Taking a look at forgotten Black stories


Photo used with permission from Google Commons

A mural located at the William Grant Still Art Center of Los Angeles, depicts William Grant Still electrifyingly conducting an orchestral score.

Nigerian novelist Chinua Achebe once said, “It is the storyteller who makes us what we are, who creates history.” 

Throughout history, Black stories have been told through white filters. In the late 1800s, the Daughters of the Confederacy rewrote slavery and Civil War history in public school textbooks across the South. Historic preservation projects in the 1930s intentionally erased the history of Black people in the Colonial era. 

The whitewashing of Black history and the erasure of the important role Black people played in American society is a prevalent issue that needs to be addressed and corrected. According to CNN, “In the thick of a nationwide reckoning with racism and a pandemic that’s disproportionately killed Black Americans, students and faculty in local communities across the nation are demanding better Black history programs in schools.”

Black people have had a massive influence on not only American culture but cultures around the world. Black history is not just fighting racism and oppression. It is also the countless achievements and contributions Black people have made to society. Instead of only focusing on the same handful of prominent Black figures, we should strive to learn about forgotten change makers. 

For example, the hidden figure of GPS is Gladys West, a mathematician who in the 1950s and 60s laid the groundwork for one of the most important technologies of today. Another example is Claudette Colvin, who, at only 15 years old, refused to give up her seat on a bus in Montgomery, AL, in 1955. This act of bravery later inspired Rosa Parks to do the same.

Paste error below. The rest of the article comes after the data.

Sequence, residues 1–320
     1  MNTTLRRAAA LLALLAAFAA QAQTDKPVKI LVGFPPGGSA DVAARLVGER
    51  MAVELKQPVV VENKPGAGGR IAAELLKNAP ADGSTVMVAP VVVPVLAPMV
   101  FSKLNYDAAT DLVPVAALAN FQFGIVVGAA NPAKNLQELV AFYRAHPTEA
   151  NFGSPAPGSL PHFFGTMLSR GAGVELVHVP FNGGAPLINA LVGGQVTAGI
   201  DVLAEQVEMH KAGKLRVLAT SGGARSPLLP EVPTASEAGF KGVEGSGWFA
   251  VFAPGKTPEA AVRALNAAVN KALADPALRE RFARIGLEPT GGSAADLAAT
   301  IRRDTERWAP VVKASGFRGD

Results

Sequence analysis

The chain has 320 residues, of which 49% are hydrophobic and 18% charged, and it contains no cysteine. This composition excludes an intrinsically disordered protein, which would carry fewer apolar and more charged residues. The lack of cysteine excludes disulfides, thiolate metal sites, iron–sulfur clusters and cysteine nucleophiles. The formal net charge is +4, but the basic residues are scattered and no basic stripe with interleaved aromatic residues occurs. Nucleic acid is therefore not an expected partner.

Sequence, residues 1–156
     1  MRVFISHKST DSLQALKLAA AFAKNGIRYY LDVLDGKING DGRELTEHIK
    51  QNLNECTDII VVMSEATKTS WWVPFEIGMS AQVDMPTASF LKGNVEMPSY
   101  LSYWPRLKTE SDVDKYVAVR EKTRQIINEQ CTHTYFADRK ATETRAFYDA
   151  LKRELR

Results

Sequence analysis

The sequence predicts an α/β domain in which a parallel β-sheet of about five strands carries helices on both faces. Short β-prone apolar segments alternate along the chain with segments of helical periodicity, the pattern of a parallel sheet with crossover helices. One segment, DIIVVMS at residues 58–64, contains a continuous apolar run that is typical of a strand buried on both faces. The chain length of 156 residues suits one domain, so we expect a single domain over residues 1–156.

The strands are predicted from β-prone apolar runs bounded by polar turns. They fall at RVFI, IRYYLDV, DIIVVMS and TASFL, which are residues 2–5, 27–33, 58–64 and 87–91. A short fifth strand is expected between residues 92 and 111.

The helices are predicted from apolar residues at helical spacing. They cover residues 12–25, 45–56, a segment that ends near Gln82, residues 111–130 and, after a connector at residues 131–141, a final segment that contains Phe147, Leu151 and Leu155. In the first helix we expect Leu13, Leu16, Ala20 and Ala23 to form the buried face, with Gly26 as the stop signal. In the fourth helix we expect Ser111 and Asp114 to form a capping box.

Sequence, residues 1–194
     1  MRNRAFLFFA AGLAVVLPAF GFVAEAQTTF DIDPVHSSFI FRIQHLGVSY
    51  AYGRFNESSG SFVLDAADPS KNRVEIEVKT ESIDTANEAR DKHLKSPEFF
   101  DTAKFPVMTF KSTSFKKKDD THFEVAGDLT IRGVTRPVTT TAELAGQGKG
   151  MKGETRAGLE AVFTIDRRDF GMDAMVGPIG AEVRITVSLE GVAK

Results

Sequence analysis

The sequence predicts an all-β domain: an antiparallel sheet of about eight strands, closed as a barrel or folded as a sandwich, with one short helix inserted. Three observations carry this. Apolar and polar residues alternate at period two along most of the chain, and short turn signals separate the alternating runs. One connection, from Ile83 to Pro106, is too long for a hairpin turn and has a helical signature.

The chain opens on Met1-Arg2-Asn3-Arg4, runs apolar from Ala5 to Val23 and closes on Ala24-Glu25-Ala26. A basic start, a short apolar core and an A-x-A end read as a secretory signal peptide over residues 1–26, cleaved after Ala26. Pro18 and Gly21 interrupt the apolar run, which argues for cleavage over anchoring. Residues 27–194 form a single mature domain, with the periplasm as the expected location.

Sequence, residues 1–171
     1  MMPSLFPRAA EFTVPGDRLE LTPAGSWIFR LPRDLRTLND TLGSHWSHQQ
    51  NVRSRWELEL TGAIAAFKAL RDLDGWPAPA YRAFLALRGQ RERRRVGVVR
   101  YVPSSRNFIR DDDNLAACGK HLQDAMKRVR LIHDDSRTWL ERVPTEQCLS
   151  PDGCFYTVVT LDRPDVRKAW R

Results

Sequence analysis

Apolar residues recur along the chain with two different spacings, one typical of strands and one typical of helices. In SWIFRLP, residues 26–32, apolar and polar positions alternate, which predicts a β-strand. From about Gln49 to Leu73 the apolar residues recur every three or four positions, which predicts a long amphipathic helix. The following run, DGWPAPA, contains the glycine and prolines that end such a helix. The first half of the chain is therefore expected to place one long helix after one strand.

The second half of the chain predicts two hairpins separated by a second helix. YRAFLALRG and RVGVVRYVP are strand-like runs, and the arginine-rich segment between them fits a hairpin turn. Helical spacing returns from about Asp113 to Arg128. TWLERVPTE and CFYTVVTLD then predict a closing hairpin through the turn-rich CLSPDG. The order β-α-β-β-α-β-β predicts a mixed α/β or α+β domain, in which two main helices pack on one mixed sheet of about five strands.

Jane Bolin, the first Black woman to attend Yale Law school and later become the first Black female judge, changed segregationist policies and fought discrimination in hiring. Finally, William Grant Still, “the Dean” of Black composers, changed the course of classical music for those who came after him. According to Britannica, Still was “the first African American to conduct a professional symphony orchestra in the United States.”

In addition to Black history being forgotten, there is also Black history that is watered down or intentionally unspoken. Why don’t we learn about Black radicals like Angela Davis, Malcolm X, or the Black Panthers in school? Why don’t we ever discuss Martin Luther King Jr.’s views on police brutality or wealth distribution? Why is it that Rosa Parks is not known for her work with the NAACP to bring justice for Black women who were sexually assaulted by white men? The truth is these stories are seen as controversial and make people uncomfortable. However, that discomfort is essential to understanding the complexity of the issues that faced Black America, and are still affecting Black people today.

During Black History month, it is important to remember that Black history is happening all around us. Every day, Black people continue to overcome obstacles and achieve excellence.